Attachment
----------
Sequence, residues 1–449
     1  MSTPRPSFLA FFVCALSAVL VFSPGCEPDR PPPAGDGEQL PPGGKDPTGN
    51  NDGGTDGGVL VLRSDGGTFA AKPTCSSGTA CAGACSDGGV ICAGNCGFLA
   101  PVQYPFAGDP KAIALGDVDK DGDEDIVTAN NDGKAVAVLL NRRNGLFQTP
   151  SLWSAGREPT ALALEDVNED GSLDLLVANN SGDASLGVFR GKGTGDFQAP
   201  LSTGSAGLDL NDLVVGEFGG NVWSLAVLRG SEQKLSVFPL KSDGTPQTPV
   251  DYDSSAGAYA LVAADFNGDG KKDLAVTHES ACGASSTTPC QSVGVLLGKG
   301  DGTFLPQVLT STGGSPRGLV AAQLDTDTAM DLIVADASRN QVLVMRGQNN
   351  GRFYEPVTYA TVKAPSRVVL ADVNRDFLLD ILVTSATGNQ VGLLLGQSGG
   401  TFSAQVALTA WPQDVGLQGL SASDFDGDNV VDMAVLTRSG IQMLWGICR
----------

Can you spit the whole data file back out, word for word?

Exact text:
Sequence, residues 1–449
     1  MSTPRPSFLA FFVCALSAVL VFSPGCEPDR PPPAGDGEQL PPGGKDPTGN
    51  NDGGTDGGVL VLRSDGGTFA AKPTCSSGTA CAGACSDGGV ICAGNCGFLA
   101  PVQYPFAGDP KAIALGDVDK DGDEDIVTAN NDGKAVAVLL NRRNGLFQTP
   151  SLWSAGREPT ALALEDVNED GSLDLLVANN SGDASLGVFR GKGTGDFQAP
   201  LSTGSAGLDL NDLVVGEFGG NVWSLAVLRG SEQKLSVFPL KSDGTPQTPV
   251  DYDSSAGAYA LVAADFNGDG KKDLAVTHES ACGASSTTPC QSVGVLLGKG
   301  DGTFLPQVLT STGGSPRGLV AAQLDTDTAM DLIVADASRN QVLVMRGQNN
   351  GRFYEPVTYA TVKAPSRVVL ADVNRDFLLD ILVTSATGNQ VGLLLGQSGG
   401  TFSAQVALTA WPQDVGLQGL SASDFDGDNV VDMAVLTRSG IQMLWGICR